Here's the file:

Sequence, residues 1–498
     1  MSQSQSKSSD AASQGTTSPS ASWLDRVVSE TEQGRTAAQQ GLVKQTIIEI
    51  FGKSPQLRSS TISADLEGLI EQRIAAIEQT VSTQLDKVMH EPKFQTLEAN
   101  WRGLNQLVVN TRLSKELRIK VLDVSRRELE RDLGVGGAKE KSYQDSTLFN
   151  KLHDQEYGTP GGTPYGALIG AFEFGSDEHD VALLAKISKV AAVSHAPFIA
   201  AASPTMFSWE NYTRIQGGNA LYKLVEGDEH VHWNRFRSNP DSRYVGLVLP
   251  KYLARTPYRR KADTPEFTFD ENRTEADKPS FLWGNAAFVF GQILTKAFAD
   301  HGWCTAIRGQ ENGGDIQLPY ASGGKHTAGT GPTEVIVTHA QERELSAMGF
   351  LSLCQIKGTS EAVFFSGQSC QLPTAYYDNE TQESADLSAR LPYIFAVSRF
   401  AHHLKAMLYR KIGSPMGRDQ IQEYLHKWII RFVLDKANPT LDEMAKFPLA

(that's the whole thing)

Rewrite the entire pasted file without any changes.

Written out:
Sequence, residues 1–498
     1  MSQSQSKSSD AASQGTTSPS ASWLDRVVSE TEQGRTAAQQ GLVKQTIIEI
    51  FGKSPQLRSS TISADLEGLI EQRIAAIEQT VSTQLDKVMH EPKFQTLEAN
   101  WRGLNQLVVN TRLSKELRIK VLDVSRRELE RDLGVGGAKE KSYQDSTLFN
   151  KLHDQEYGTP GGTPYGALIG AFEFGSDEHD VALLAKISKV AAVSHAPFIA
   201  AASPTMFSWE NYTRIQGGNA LYKLVEGDEH VHWNRFRSNP DSRYVGLVLP
   251  KYLARTPYRR KADTPEFTFD ENRTEADKPS FLWGNAAFVF GQILTKAFAD
   301  HGWCTAIRGQ ENGGDIQLPY ASGGKHTAGT GPTEVIVTHA QERELSAMGF
   351  LSLCQIKGTS EAVFFSGQSC QLPTAYYDNE TQESADLSAR LPYIFAVSRF
   401  AHHLKAMLYR KIGSPMGRDQ IQEYLHKWII RFVLDKANPT LDEMAKFPLA